He pointed to a streak of yellowish metal running along the broken surface of the rock, which could be plainly seen by the naked eye. Be me soul!" exclaimed Barney, as he gazed at it, "I'd rather nave it in mo pocket than say it in the shtone." "Dat's er fac' said Pomp, running his h a nd over the yellowish streak. "Dis heah stone am g o t er hard grip on it, suah." The professor was too much excited to finish his breakfast. He followed tbe streak of gold round and over the rock till it was lost against the ground. "There's no telling how much that vein wou d pan out," he said. "Oh, de Lor' gorramighty I" yelled romp with a vigor that caused every one to think a snake had struck him. They sprang away from the rock and looked at him. He was tugging at a nugget of gold as large as his thumb, which projacted several inches from a crevice in the rock near where he was standing. "Good heavens 1" gasped the professor. "Jus look at that I Hold on, Pomp." "l'se holdin' on, sah," replied Pomp, grasping the nugget as it afraid it would get away from him. Take an ax and see if you can't break of!' the piece of stone that holds it," suggested the pro fessor. "Yes, sah," and he ran for one of the axes In J.'ht tool-chest of the carriage. Frank examined the piece of gold, and decided that it would be a hard job to get the lump out without proper implements for crushing the rock. But Pomp gave the stone a few tremendous blows with the ax a few inches above and below the nugget with such etiect that it split, and the nugget dropped to the ground. "Whoop I" yelled Pomp, dropping the ax and seizing the nugget. "Dis 'ere am luck for a nigger suah 'l'he took the nugget and exam ined it. "It is pure gold," he said, "and the lump will weigh eight or ten pounds at the least." "That is the largest lump of pure gold 1 ever saw," said Reade as he held it in his band. "It is worth over two thousand dollars," said the professor. "Oh, golly 1" cried Pomp, leaping upand striking his heels together, dis am luck, an' no mis take." They all had to handle it, and Varley's eyes as he beheld the little lump of yellow metal that fixed the standard of values in the entire commercial world. "That would enable me to escape to America," he said, loud enough for all to hear him. "Maybe you may find even a larger lump," said Frank. "Who knows?" "I can hardly hope to be so lucky," he replied, shaking his head. "Why, I think you are an extremely lucky man," said Frank. "Just see how you have twice been saved from death in the last week." "But look at the twenty years o f my unlucky life." "Your luck is turning. You'll come out all right yet.' " I hoi->e so, but twenty years of hard luck makes me dQCtt.t it." the meal and then went pros J pecting among the rocks till they were a quarter of a mile away from the Electric Man. Suddenly Frank bethought himself, and ex claimed: "Good heavens, what idiots we are I" What's the matter the professor asked. "We have left the carriage all alone a quarter of a mile away-a most idiotic thing to do 1" and the grola.t inventor took to his heels and ran all the way to the Electric Man. "I'll never leave it unguarded again under any circumstances," he said to himself as he sat down inside the carriage. He recovered his breath from the long run and then moved along among the rocks till he was almost up with the others. "What luck?" he called to the professor, as he saw him examining a large fragment of rook. "Plenty of quart,;, but no more nuggets," was the reply. "Is It rich?" "The richest I ever saw." ''Is it extensive?" "It's everywhere I" replied the professor. I n'ever saw anything like it." "Oh-Ugh-Oh, Lord I" yelled Pomp, a little distance away, dashing toward the carriage at the top of his speed. "Lord sabe me I Oh, de THE ELECTRIC' MAN. good Lor' I" and he fell almost in a faint at the door of the carriage. CHAPTER XIX. POMP'S TERROR AND REMARKABLE DISCOVERY, THE evident panic which had suddenly seized upon Pomp created no little excitement among tt:e others who heard him. Barney and Varley were near together at the time, and the professor about fifty yards beyond them. The moment they heard Pomp yell and saw him running with all his 3peed toward the Elec tric Man, they sprang away too, and ran like deer, without knowing what they were running from. "What is it?" demanded the professor, running up, and out of breath. "Hanged if I know," said Frank. "What is it, Pomp?" "Oh, Lor' sabe us!" groaned Pomp, still in a sort of panicky condition. Oh, de Lor' sabe us Ugh!" And he shuddered as if shaken by a chill. "Well, what thfl deuce is the matter with you?" demanded Frank. "Faith, an' it's a scared nagur he is," said Barney. "Go dar an' look at' datI" cried Pomp, pdint ing in the direction of the bowlder from which he had just fled. Barney looked at the bowlder and wcndored what in creation itoould be Which had given him such a scare, as he knew Pomp was fully as brave as he was. "Look here, Pomp," said Frank, "when are you going to tell us what you are kicking up such a rumpus about?" Afore de Lor', Marse Frank, l'se scared 'most ter def-oh, Lor' 1 Ugh I" "Do you want something to brace up on?" "Yes, snh-l'se all broke up." Frank steppeout dem dere big rocks when I looked round dat lllg un ober dar, an' dar sat er lot er men on de ground, stone dead an' leanin' up ergin de rock.'' "Is that so?" "Yes, sa h." "Go and see about it, Barney.'' Phwat sorr I" Go and see about that." "Bedad, thin, I'll ther brace afore I goes.'' Varley burst out laughing and said: "A dead man can't hurt anybody. Come onI'll go with you," and he led the way toward the rock from which Pomp had fled so precipitately. There he found seven white men seated down by the bowlder and leaning against it-all showing that they had died of starvation. He looked at them calmly and said to himself: "My fate oame near being like this," and then he turned and made his way back to the car riage, where he said: "There are seven dead men there, sir.'' "Ahl" "Yes, sir." "How long have they been dead?" I don't know, sir, but a long time, 1 guess, as they seemed to be parched or dried up." "Well, let's go and take a look at them, pro fessor," said Frank, leading the way. "You stay here in the carriage, Pomp.'' "Yes, sir-dis chile doan want ter see dem no more." They went back with Varley and found that the men were evidently miners from their dress and the tools found lying around. They came here to solve the problem of the traditions among the natives," said Frank, "and perished for want of food and drink." "Just as we would have perished but for you, Mr. Reade," said Varley. "YeS--no doubt of it. I wonder how long they have been here?" They made an examination of the clothes of one man, and found bits of !4aper in one pocket which were dated back nearly twenty years. "They have been here somewhere between fifteen or twenty years," said Frank. Varley saw a nugget oi gold in the hand of I 15 one of the dead men, and took hold of it to pull it away. TJi.e hand broke off at the wrist. "It will weigh a pound, at least," he said as he held it up. Then, as if seized by a sudden impulse, he felt of the clothes of the seven dead men, and found small nuggets in the pockets of each one, also revolvers, which had rusted and were usele11s. "Why, you have as much gold as Pomp's nug get is worth," said the professor as he looked at the pieces V had collected from the dead. "Yes, sir. Am I entitled to it?" "Every ounce of it," said Frank. "You hav& as much show here as any of the rest of us.'' "Thank you, Mr Reade," said Varley, and his bronzed face turned a shade paler as he spoke.. "Will you take care of it for me?" "Yes. You can put it in one of the chests and it will be safe the1e." Varley gathered up the nuggets and he toward the carriage with them. "Pomp," he said,as be came to the door of the carriage with the nuggets," I am your friend for life.'' "Wh t's de matter, Mister Varley?" "Do you see these?" Pomp'ij eyes opened wide as saucers as h& glared at the yellow lumps of gold. "Yes, I see dem I" he said. Well, I got them on those dead men.'' Pomp sprang back to the farther end of the carriage. Go way dar, I tole yer," he cried. What's the matter with you?" "Go way dar, I tole yer I" ctied Pomp again, drawing a revolver. "What in bl.a.zesis the matter with you, Pomp?" exclaimed Varley, completely dumfounded at the conduct of the faithful black. "Youse done gone an' robbed de dead I" said Pomp, who was full of the superstitions of his race. Go way, white man-youse er bad unl" "What's the matter now?" asked, com ing up just as Varley was turning away. "Pomp won't let me get iuto the carriage:.... says I'm a bad man because I robbed the dead.'' "The deuce I" The professor laughed in spite of himseH, and Fran!;. turned to Pomp and said: "Let Varley put his gold in the chest, you old fool.'' Marse Frank-he done gone and robbed de dead!" "I saw him take the gold-it was lying there by those dead men who will never want it again. It was not robbing the dead.'' Pomp came out of the carriage and let Varley 70 in, where he tied up his nuggets in a dirty handkerchief which Barney gave him. It took Pomp the rest of the day to get er his scare, and he di!! not go out any more till they had moved several miles away from the spot where the seven dead men were found. When they stopped to make a camp for the night there was not a piece of wood out of which to make a fire. They made cotiee on the oil-stove, and ate the broiled quail, of which they had an ample sup ply. Feeling very tired, they retired to their blank ets a an early hour and slept till sunrise. They were oppressed by the profound silence that reigned around them, as not even the hum of an insect could be heard-the silence of the tomb reigned everywhere. After breakfast they again hunted among the fragments of rock for signs of gold. They found it everywhere, and the professor declared that he had never seen such rich quartz in all his life. CHAPTER XX. NUGGETS OF GOLD. ON the second day after tbeir arrivat at the mountain Frank said to Bagstock : "There is no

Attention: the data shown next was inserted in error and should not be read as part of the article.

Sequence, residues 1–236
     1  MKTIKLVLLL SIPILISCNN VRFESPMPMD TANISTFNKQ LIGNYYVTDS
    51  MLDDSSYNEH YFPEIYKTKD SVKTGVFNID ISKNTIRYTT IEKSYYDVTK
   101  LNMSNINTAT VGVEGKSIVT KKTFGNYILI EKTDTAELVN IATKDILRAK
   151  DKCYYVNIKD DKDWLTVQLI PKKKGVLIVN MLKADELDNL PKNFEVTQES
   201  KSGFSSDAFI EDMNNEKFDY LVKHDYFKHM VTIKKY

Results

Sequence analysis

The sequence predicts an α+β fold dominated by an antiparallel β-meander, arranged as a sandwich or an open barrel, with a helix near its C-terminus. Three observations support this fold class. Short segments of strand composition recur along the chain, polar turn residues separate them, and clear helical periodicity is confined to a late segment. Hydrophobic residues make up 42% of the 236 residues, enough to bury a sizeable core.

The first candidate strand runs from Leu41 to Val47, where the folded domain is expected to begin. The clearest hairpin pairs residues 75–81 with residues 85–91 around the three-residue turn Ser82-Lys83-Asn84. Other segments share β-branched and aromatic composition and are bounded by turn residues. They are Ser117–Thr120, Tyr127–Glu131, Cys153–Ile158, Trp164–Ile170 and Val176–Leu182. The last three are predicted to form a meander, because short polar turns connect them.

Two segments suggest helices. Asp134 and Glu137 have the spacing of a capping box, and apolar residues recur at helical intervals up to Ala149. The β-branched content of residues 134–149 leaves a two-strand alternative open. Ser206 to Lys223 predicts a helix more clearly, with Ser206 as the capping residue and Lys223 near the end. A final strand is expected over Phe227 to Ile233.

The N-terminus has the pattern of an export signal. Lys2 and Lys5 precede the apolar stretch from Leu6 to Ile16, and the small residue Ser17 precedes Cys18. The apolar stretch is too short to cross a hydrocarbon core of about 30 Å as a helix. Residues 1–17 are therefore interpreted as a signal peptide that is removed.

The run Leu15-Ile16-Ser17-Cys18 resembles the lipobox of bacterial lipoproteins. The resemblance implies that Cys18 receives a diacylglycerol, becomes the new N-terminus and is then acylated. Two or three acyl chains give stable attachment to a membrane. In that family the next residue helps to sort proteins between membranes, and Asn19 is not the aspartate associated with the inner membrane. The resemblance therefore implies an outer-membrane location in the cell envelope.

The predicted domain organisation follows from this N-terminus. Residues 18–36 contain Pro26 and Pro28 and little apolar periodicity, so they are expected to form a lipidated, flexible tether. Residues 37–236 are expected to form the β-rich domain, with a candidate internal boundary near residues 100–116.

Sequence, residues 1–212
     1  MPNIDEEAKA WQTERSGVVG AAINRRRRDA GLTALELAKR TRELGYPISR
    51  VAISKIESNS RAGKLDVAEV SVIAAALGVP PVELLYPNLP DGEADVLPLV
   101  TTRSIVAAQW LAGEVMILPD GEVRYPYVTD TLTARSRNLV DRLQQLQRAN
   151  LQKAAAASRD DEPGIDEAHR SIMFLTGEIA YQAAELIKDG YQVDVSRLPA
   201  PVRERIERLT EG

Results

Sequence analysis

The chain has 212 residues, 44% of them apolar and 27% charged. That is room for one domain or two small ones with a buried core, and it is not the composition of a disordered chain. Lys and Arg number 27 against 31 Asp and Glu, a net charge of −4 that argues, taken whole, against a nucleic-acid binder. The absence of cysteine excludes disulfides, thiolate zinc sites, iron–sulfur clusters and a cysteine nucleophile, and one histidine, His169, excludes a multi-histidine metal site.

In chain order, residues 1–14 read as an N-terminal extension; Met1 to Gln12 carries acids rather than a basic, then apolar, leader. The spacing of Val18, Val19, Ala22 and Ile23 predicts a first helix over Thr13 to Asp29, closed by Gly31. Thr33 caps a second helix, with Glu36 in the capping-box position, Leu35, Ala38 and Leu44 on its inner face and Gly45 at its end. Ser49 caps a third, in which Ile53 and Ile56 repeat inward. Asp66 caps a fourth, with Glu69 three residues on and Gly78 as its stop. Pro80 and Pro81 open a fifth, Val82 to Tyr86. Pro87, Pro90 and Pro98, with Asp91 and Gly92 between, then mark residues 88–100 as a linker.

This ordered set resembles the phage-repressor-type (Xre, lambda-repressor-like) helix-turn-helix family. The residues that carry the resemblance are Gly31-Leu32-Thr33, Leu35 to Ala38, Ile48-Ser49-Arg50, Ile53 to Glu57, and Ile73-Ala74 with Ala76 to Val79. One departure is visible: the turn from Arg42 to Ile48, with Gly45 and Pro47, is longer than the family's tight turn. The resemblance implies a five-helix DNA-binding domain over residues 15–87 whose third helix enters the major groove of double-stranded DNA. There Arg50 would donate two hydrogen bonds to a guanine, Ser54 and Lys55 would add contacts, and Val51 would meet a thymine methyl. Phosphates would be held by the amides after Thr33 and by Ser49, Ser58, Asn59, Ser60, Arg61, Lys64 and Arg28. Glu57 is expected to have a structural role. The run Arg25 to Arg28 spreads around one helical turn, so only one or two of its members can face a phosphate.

18 At last they came to a spot where there was quite a depresBion in the mountain, anrl the face of the immense chain of rock seemed quite smooth. "Let's look at this place," said Frank. "We n::ay be 11.ble to find a passage up there." Thoy stopped, and Frank, Varley and the pro fessor set out to make the searoh for a passage, Barney and Pomp in charge of the car ;riage. It was at least a mile to the base of the mount ,ain-or rather where the actual rise commenceu -nd to reach it they had to pick their way through an immense field of broken stone. I neyer saw such indisputable evidences of a 'riolent upheaval of stone in all my life," said Frank., as he trudged along over the broken roclt,s. "Nor I either," a stones here as a barrier to any further advances in this direc ti.oa.'' "Just what I was thinking, and I wondered what was beyond these mountains that could wish to keep ths world from seeing." "That is a. bard question to an6wer. It is said to 8e a. sandy, treeless plain whicb,no mortal ever crossed. Here, come this way. This seems to be a sort of passage for a little distance." .Frsnk went to the professor s side and joinell. him in the ascent, which at that point eemed to be quite easy. The line of broken rock seems to end here," remarked Frank, looking around him. Yes," returned the professor, "and it begins again over there," pointing to the right. Frank go.zed about him as if puzzled over the strange forqlation of the surface. As for the professor, he seemed to lose interest in every tiling but the aspect presented by nature as dis played all around him. This is something that will interest the geo graphical Bocieties of the world," he remarked. These fragments of stone show that they have been rended by violent forces, and yet I see no evidences of lire about them. They are very hard, and runuing from gray to very dark in color. It is a study for the scientist, and--" Excuse me, professor," said .l!'rank, interrupting him. Let's lind a. passage over tbe mountain first, and then study the scientific features afterward." Oh, yes-go on. I can survey as I go along," replied the learned man, as he followed the young inventor up the mountain side. Frank had followej a sort of clearing, which seemed to extend all the way up as far as they could see, and which promised a passage !or the Electric Man and "Not a sprig of grass nor even a bunch of moss among the stones," remarked the pro fessor, as he passed on up the mountain. I never heard of a region more devoid of vegetable -or animal life. Yet there is gold running all through this mountain. It seems to me that we -ought to call these the 'Quartz Mountain!!.'" "I never dreamed that such a spot existed anvwhere in the world," said Frank, as he look ed around him. This is the largest rock in the world, I guess." "No doubt of that," said Bagstock. "I shall make a note of this in my report. It is rockrock everywhere, and quartz at that." "Yes. That will set the world on fire, and thousand of lives will be lost in efforts to get at tke gold.'' "Yes, yes, that's so. Give me a drink of water, please. This climbing up hill makes one very thirsty." "So it does. What a lucky thing it is that we have water, as I see no signs of any in this region of sand and stone." / The professor dr11nk from the flask which Frank banded to him, and then returned it. Up, up the mountain they climbed, winding here and there around huge bowlders in quest of a passage for the Electric Man. It seemed that, with a loose stone moved here and there as they ascended, an easy passage eould be made. How it would be on the other side they did not k11.ow. But they resolved to go on up to the top and see what they would have to face. They ascended to tbe summit, which Frank estimated to be about 2,000 feet above the bas e where the Electric Man, in charge of Barney and Pomp, had been left. But there was a surprise for them at the summit which they did not dream of. Instead of a rugged summit of gray and dark THE MAN. rock they beheld an i:nmense plateau of desert sand, stretching away !or miles to the r i ght, left and front, acroas-miles away-they could see the other edge of the plateau outlined against the clear sky. "Well, well," exclaimed the professor, as he stood there and gazed at the strange phenomenon -for such he could not help regarding it-" a sandy desert on top of a higtl mountain is some thing I never heard of before in all my life. We have made a discovery, Mr. Reade, which will hand our names down to the ages with that of Christopher Columbus. How did this sand get up here?" and he stopped and picked up a hand ful of the sand and examined it. Frank was so astonished at wl::at be saw that he did not pay much attention to whnt was being said by the professor. Htt was gazing a c ross the plateau and wondering what sort of country lay beyond it. "It is thtt same sand which we came acress in reaching these mountains," remarked Bagstock, more to himself than to any one else. Eh-what's that, professor?" Frank asked, turning and facing the learned man. I say that this is the same kind of sand we found on the pla.ins," repeated Bagstock. "I guess wind storms, whirlwinds, etc., for ages have blown clouds of sand over this basin and filled it." Frank now became interested. Why did we not find any on the sides as we came up?" he asked. "Oh, the rains may haTe washed it all away, while this plateau held it where it fell." "Yes-yes-that must be the solution or the mystery," assented the young inventor. "Yet it is a st;ange, very thing." "Stranger than fiction. The world will be to believe it. 1 am repaid in this hour for all I have endured on this trip so far." "Yes, it is an important discovery, and, as you say, the world will be slow to believe it. This sand is 2,000 feet above the base of the mountain. When the rainy season comes the water must find a vent some\There. Where does it go? There must be an immense reser voir somewhere below.'' "Yes, undoubtedly. We may lind and thus solve the problem of life in this unknown region." I hope so. I would like to go across to the 'Other side of this plateau and gaze over at the country beyond, but we have not time now. We must descend to tbe carriage, or night will overtake us and stop us, and Barney and Pomp will be very une:tsy about us.'' "Then we had Qtltter start at ouoe," said Bag stock. "To-morrow Wb can come up in the riage and look about morflleisurely." They turned, and began the descent, which was much easi6r than going up. Away off below them they could see the Elec tric Man and carriage, where they had left it. The view was grand and extensive. Frank took his field-glass and surveyed the horizon, and then took a look at the Electric Man. A smile played round his mouth as he looked. "They are two happy fellows, Barney and Pomp," he remarked. "They are seated on a bowlder by the side of the Electric Man playing cards for amusement.'' "Yes," added the professor, "they are happily constituted. They are brave, generous, full of rollicking fun, and as faithful as sunshine." They went on down the mountain, making good time, when Varley was heard to utter an exclamation or both surprise and joy. They wbeeled and looked at him to see what was the matter, when they saw him tugging at a nugget of gold which be found projecting from the broken fragment of the rocll:. "By heavens I" exclaimed the professor. "He has found another nugget!" Reade and Bagstock both examined 1he nug get and mentally calculated its value, which was immense. "You can't break that off without an ax or pick, Varley," said Reade. "Just let it be till we come up all together to-morrow." "Will you recognize the claim tiS mine, sir?" Of course we will, and we'll help you work it too" '" thousand thanks, sir,'' said he. "That, with what I have already, will enable me to eE cape from Australia.'' "Yes-but if you get out of Australia you will \Vant money to live on and prove your inno cence. So you must work diligently and abide your time. I'll stand by you and get you out when I go back." Varl e y almost fell on his knees as be poured out his thanks to him for the assurance of his protection. It shall be the aim of my life to prove to yO'U that your kindness and confidence have not been :nisplaced," ne said. "Then I shall be satisfied to the fullest extent, Mr. Vll.l"ley," said the young inventor. "You may yilt regain all you have lost." I shall try to, and gain or lose, I shall not forget your .lr.indneiSs to me.'' CHAPTER XXI. THE ASCENT OF T1I.E MOUNTAIN, ARLEY was alJnost beside himself with joy pver his lucky find. He piled a numb& of loose stones about the nugget in order to mark the spot so that it would be easy to find again when they came up the next day. Frank and the professor waited for him, and while doing so the latter discovered a rich vein of gold running through another large bowlder. It is wonderful,'' he Sllid. Gold is every where, and yet I shudder to think how many human lives will be sacrificed in trying to get possession of it." "When. we find water there may be any loss of lile,'' said Frank. True, but where is the water" "Oh, we may find it yet." "I hope so." "I am ready to go on now, sir,'' said Varley, when he bad piled loose stones on his nugget to hide it from view. "Then come on," and they resumed their (it scent of the mountain. They traveled fast, for the night was coming on apace. Already the sun wss behind the mountain, and its great shadow was lengthen ing out miles and miles beyond the base. "We'll have to hurry up,'' said Frank," or we may get caught up here in the dark, when traveling would be very dangerous' indeed. I wouldn't like to go stumbling about up here in. the dark. I'd either ruin my shins or else break my neck.'' I don't think .I could get along as well as either of you in the dark," remarkeu the profes sor. "So let's hurry down :ts fast as we can.'' "Can you trot down hill?" Frank asked. "I gues!. I can, though it has been a long time since I ran a foot-race." "Well, let's try and see what. you can do." They started off on a trot down the smooth portions they had passed over as they came up. But they had not gone two hundred yards ere the profe51lor stumbled anu fell sprawling. A grunt escaped him loud enough to stop the other two and bring them to his asaistanoo a once. "Are you hurt, professor?" Frank asked, a.; he assisted him to his feet. "I-I-don't-know,'' he replied, in a sort of dazed way. "You ought to know." "Well, maybe I am." Frank could not repress a smile, and even Var ley grinned. "I am jarred all over," said the professor, pulling hirnBelf together. I guess I won't run any more." "But can you walk?'' Oh, yes," and he started off with a slight limp. They hurried down, and when they reached the base of the mountain the stars had !J.g;:un to peep out. . The Electric Man was a mile aW""ity, but Pomp and Barn e y had set the el e ctric lightli blazing, so that they could not lose their way. In due time they reached the carriage, when the pro!essot sM down on a stool and declared that he \VIIS never so glad to rest in all his life. "You haven't done much traveling on foot, professor," remarked Frnnk. "No, sir, not much; anu I don't care to begin it at this time or life." "No. It breaks a man up who is not used to it." Pomp had a good supper ready for them, and in a little while they were lying around smoking at ease. The long walk fatigued them just enough te induce them to retire early, and they did, leav ing Barney and Pomp to divide the WILtch be tween them. Morning found them up early preparing to be gin the ascent of the mountain by the circuitous route which had been selected. After an early breakfast they started, the Electric Man seeming to be in a humor for a good run. On reaching the bas e of the mountain Barney, Pomp and Varley got out to walk up, thus re lieving the Electric Man of a very heavy burden. On the way up Varley related to Barney and Pomp the story of the big nugget he had found up on the mountain's side.